Q: It seems like every year there’s a new strain of flu circulating. How does this happen and is it a cause for concern?

A: It’s a common misconception that a new strain of flu develops every year.

The fact is there are already over 60 known flu viruses that have been identified and the predominance of one or any of them changes from year to year. Every year in January, teams at the World Health Organization (WHO) analyze data submitted from health authorities in various countries to determine which flu strains are the most common or widespread at that point. This information is then used to develop the seasonal influenza vaccine—composed of two strains from the A type and one strain from the B type—that will be widely distributed later that year in November. Despite the 10-month lag, the flu strains which are active in January are usually still predominant in November, a fact which counters the common argument that a vaccine “based on last year’s flu won’t help me this year.”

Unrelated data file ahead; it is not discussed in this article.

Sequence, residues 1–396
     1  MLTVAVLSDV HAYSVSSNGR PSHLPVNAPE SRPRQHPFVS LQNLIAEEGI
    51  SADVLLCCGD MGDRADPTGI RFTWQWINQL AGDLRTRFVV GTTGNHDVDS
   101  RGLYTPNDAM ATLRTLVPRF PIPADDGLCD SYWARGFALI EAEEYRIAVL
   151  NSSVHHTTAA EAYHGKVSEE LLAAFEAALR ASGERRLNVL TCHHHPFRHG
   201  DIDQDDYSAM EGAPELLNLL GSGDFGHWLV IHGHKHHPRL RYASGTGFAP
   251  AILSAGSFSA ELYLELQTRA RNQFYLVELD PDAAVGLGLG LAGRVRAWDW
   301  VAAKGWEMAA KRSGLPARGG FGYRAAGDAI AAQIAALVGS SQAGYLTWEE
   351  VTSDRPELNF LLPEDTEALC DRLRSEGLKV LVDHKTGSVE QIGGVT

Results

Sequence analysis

Occasionally, a new flu strain will appear, such as the H1N1 strain in 2009

This causes a higher-than-normal incidence or severity of flu. The H1N1 strain is still active and it makes up part of the flu vaccine developed for this coming year.

The fact that the flu changes from one year to the next is not a cause for concern, especially if you get vaccinated. Plus, getting your flu shot every year helps you increase your immunity to a number of different flu strains and not just the three most common strains that are active this year. 

Patient
Montreal Children's Hospital